A Suitcase of Tomatoes
My father’s mother grew up on the side of a mountain in northern Alabama. Quite literally dirt poor, my grandmother, Ethel, lived with her parents, two brothers and three sisters in a tarpaper shack with no electricity or running water. They raised chickens for eggs and meat, and made their own clothes out of flour sacks.
When my grandmother talked about those days she didn’t focus on the hardship, except to say that the life they led made people old before their time. Instead, she told stories about her brothers’ rascally humor and her mother’s determination to keep everyone fed and clothed. She talked about the large garden she planted and tended with her sisters, filled with corn, cucumbers, watermelon, okra and tomatoes.
“We didn’t have a lot,” she said. “But we did have tomatoes.”
My grandmother told me these stories about her life while I was sitting at her white-speckled Formica table in the cheery, spotless kitchen of the ranch house she’d earned as a hosiery repair worker at a woolen mill in north Georgia. As I remember it, she was always standing behind the counter, making dinner with ingredients from the large garden she cultivated just beyond the sliding-glass door. I never saw her use a recipe. The food she prepared nearly every day of her life was the food she’d learned to make on Sand Mountain: slow-cooked green beans with ham, creamed corn, cornmeal-fried okra, chicken and dumplings. And tomatoes: thick, unevenly rounded slices—deep red, dense as melon—that you sprinkled with salt and pepper and cut with a knife and fork, so mild and buttery they practically melted on your tongue.
Packed lovingly in
large and ripe, were a
visual reminder of all
we’d left behind.
When my father moved his fledgling family to Maine from the South in 1970, we were in for a rude culinary shock. Okra was impossible to get; nobody made chicken and dumplings. Even worse, the only tomatoes you could find came embalmed in cellophane—three uniform orbs, barely tinged pink, as bland and spongy as packing peanuts.
My grandmother only visited us a few times before she died. She found Maine too far, too cold, its customs altogether too foreign. I remember family trips to the coast where she would stand tentatively on the rocks, stepping gingerly over seaweed, sniffing the air. But most vivid is the memory of my father bringing her home from the airport to our Victorian fixer-upper with her two matching suitcases, one large and one small. The small one contained her clothing for the week, a tidy collection of mix-and-match polyester pantsuits. The large one was filled with tomatoes.
Packed lovingly in newspaper, these tomatoes, improbably large and ripe, were a visual reminder of all we’d left behind when we moved north. They evoked longings we’d tried to suppress: for the fertile black soil, the hot sun, culinary customs impossible to sustain in this new place. Even more, the suitcase filled with tomatoes reminded us that we came from a tradition of simplicity and resourcefulness—the kind of self-reliance that had allowed my grandmother’s poor family of eight, with no money and few possessions, to thrive on the side of a mountain in Alabama.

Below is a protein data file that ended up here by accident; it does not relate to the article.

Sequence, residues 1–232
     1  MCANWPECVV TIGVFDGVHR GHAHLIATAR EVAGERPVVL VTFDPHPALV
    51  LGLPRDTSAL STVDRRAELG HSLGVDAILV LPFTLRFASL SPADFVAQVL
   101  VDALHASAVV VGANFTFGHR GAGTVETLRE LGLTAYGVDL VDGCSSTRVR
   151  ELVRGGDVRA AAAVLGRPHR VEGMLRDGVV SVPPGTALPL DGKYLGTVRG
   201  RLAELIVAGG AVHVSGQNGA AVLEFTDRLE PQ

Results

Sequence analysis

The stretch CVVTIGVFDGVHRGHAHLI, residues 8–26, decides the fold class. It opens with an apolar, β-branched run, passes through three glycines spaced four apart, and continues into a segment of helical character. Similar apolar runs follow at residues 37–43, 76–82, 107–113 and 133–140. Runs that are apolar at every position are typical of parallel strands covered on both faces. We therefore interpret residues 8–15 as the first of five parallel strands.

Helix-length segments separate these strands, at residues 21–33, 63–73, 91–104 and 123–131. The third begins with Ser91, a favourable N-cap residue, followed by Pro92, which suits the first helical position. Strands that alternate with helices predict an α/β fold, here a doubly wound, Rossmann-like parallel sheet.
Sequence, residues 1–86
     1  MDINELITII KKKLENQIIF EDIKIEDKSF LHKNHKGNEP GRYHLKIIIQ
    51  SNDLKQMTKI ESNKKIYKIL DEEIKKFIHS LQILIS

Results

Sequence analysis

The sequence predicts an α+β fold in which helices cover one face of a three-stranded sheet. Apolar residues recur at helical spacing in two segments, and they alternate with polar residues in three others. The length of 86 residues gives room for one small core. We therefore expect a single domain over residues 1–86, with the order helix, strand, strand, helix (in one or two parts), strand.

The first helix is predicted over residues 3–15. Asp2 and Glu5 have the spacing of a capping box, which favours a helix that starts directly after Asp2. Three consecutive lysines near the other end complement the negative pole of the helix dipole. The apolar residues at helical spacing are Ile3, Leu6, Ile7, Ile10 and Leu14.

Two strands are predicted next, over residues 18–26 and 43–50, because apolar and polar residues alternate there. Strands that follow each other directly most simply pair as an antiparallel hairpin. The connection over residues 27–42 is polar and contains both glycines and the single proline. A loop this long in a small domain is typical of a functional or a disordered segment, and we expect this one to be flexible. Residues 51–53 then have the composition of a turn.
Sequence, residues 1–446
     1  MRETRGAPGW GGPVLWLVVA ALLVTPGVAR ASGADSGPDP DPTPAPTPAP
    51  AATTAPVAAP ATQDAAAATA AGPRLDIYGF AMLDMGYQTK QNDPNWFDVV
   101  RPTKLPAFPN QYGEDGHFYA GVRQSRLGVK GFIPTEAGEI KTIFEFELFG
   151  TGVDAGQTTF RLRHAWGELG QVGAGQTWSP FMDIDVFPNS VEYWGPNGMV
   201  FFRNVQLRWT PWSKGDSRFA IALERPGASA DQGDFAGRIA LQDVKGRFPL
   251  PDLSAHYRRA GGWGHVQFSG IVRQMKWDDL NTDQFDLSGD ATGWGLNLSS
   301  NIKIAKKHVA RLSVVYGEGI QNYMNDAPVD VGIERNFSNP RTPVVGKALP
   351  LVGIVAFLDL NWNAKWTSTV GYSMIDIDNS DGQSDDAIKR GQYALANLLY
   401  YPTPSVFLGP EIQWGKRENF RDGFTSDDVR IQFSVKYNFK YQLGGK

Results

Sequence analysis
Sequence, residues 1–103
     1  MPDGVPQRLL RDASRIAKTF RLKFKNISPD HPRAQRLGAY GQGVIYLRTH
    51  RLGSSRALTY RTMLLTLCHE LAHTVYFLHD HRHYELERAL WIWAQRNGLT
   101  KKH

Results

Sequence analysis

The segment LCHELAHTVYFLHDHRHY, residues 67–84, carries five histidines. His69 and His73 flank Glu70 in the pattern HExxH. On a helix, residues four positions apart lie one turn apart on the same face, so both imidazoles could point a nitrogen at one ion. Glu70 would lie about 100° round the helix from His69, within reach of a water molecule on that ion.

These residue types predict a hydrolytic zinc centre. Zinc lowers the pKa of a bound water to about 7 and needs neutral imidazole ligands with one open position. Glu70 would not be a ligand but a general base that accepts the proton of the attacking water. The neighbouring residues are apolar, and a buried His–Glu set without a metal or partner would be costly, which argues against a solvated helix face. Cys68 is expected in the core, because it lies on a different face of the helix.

Years later, after moving to New Jersey as an adult, I wrote a novel called The Way Life Should Be about a half-Irish, half-Italian woman named Angela Russo who, among other things, teaches a cooking class. Angela’s grandmother, whom she calls Nonna, was born and raised in Basilicata, in southern Italy. She’s a scrappy, salty-tongued matriarch who grew up poor—her village, Matera, was known as a place of cucina povera, the cuisine of poverty—and learned to make the most of what she had. I realize now that at the heart of that novel is my relationship with my own grandmother. Nonna passes on to her granddaughter an intuitive approach to cooking and a reverence for fresh ingredients. “Nonna doesn’t use recipes,” I write in the novel. “She cooks by feel, by touch and taste and sight.”
And what does she cook? Tomatoes, of course. Served on a plate with fresh mozzarella and basil, drizzled with olive oil and a splash of balsamic; diced and slow-simmered into sauce; a main ingredient in dozens of soups and stews. Like my own grandmother, Nonna serves tomatoes fresh all summer and cans them at the end of the season. In the strange alchemy of storytelling, these two grandmothers, one real and one fictional, separated by continents and cultures, time and space, intertwined in my head—yielding a deeper understanding of my own family traditions than I could have imagined.
Christina Baker Kline is a best-selling author who lives in Montclair. Her most recent book, A Piece of the World [William Morrow, 2017], was released this year to wide acclaim. The book was inspired by Andrew Wyeth’s iconic painting, Christina’s World, and imagines the life of the woman in the painting. Kline, a Yale graduate who meticulously researched the era and the artist, offers an unsparing look at the hardscrabble life in a coastal town in Maine, and the book offers a vivid rendering of the complicated relationship between artist and muse. Kline is the author of seven novels, including the 2013 runaway best-seller Orphan Train, the story of an Irish immigrant girl sent from New York to the Midwest to an uncertain destiny. This year, Kline is engaged in an energetic author tour, including a stop in Ocean City, NJ this October. (Wyeth was born in 1917, and Kline has been the focus of many centennial celebrations.) And, if you’re in Montclair, you might spot Kline at any number of neighborhood coffee shops. She’s already at work on her next book, set in Australia. Kline scribbles out the first draft of her novels longhand, on legal tablets. A complete schedule of events is available on her website, christinabakerkline.com. —TP